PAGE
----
Maybe I can’t even offer the truth. Maybe the only thing I can offer is another idea. Whether you choose to accept that idea or not, the fact remains that the idea is out there. A person can ignore those ideas. A person can accept them. Or that person can do the work that I’ve put into those ideas[4] and come to their own conclusion.

If their conclusion is supported by evidence and logic. Then it’s a valid conclusion. I may disagree with it, but I can accept it. And no, Intelligent Design is not a valid conclusion supported by evidence and logic.

I’ve often said that I don’t have beliefs. And I often fudge that by saying that I have evidence for the things I believe in. But I think I do have one belief.

I believe that if everyone thought this way. If everyone was skeptical, not taking claims at face value, not promoting dogma, and saying “I don’t believe you.” Then our world would be a better place. If two countries argued over how best to keep their people from dying and how to help the world instead of what they argue about now, then our world would be a better place.

If people, everyone, would make informed decisions instead of basing their decisions on family tradition or what their personal authority said or a ancient text about how to live in the Bronze Age, then our world would be a better place.

And that’s what skepticism can offer.

Not a better world for me or you or the Koch brothers. But a better world for everyone. Think about what we could do if every countries defense budget could be spent on science and health and helping our fellow human beings (and other passengers on this spaceship Earth) instead of killing them.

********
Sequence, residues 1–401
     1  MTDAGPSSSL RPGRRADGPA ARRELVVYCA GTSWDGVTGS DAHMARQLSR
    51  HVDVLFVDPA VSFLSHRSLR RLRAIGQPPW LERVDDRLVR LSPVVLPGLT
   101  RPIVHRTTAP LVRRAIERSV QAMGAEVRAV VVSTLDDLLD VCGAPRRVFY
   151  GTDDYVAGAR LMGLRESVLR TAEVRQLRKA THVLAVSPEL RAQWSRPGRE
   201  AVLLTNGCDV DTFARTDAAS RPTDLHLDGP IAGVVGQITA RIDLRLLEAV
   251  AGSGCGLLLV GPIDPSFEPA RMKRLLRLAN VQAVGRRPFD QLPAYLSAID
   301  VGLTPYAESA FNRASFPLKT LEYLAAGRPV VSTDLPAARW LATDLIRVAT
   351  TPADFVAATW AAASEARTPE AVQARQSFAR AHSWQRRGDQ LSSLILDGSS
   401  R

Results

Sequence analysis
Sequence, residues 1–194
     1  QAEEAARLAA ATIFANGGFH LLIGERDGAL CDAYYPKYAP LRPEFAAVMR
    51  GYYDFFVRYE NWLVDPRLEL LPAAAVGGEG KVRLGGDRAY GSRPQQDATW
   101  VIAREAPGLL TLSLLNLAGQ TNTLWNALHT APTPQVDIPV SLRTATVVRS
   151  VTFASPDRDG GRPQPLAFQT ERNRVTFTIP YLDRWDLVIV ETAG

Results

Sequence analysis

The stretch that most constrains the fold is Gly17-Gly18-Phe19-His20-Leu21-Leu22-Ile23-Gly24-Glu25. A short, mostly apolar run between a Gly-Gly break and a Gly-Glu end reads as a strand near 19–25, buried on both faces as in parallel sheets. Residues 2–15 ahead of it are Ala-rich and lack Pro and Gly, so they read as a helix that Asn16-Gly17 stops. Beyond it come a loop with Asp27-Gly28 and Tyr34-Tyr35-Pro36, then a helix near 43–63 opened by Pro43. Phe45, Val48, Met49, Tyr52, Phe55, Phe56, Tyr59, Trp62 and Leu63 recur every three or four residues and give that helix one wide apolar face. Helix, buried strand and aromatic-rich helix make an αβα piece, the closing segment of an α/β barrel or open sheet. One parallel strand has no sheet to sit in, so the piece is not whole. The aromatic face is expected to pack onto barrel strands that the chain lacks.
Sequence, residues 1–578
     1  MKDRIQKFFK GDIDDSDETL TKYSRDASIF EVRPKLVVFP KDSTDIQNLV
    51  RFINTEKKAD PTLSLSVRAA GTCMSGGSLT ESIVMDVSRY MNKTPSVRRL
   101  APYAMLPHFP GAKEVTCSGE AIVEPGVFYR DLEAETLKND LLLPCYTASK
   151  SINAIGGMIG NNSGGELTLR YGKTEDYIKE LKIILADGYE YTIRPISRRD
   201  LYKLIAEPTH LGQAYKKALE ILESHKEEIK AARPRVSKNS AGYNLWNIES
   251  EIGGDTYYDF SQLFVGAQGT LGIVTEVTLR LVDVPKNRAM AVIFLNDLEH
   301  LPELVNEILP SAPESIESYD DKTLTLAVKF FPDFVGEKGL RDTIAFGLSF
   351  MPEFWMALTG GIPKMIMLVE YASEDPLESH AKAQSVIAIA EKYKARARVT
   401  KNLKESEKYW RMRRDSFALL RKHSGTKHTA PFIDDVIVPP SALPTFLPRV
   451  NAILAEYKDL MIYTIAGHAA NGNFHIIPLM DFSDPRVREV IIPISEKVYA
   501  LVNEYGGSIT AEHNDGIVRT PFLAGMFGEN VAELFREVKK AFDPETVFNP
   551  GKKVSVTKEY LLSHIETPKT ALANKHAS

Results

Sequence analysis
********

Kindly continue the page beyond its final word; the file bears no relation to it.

It’s a nice thought and one that I think is worth the effort to make.

_____________________________

1. I don’t use iTunes, but it’s supposed to be there. Subscribe to podcasts on iTunes and use this URL  http://www.podcastgarden.com/podcast/podcast-rss.php?id=4397

2. What’s sad is the posts that I slap together in 10-15 minutes are often much more frequently read than the articles I pour days of effort into.

3. I hesitate to even mention it, but it’s relevant. However, I won’t link to the book, even though it’s available for free in many places. This book is the only one I recommend, his other works are… disgusting.

4. I’m pretty good about mentioning when I haven’t fully thought through something. And I’m pretty good at mentioning how much work is needed to study other ideas.

  • kraut2

    “Maybe I can’t even offer the truth”

    What we can offer are ways to abstain from lying. By not pretending we have all or even most of the answers. That what we are doing is searching what the truth might be.
    Good enough for me. Better not knowing than believing a lie.

    • SmilodonsRetreat

      I like that a lot.

      • kraut2

        Thanks.

        I tried to compact my response when people tell me: but you have to believe in something.

        We have to learn that there are no certainties and learn to live with that. Certainties kill curiosity.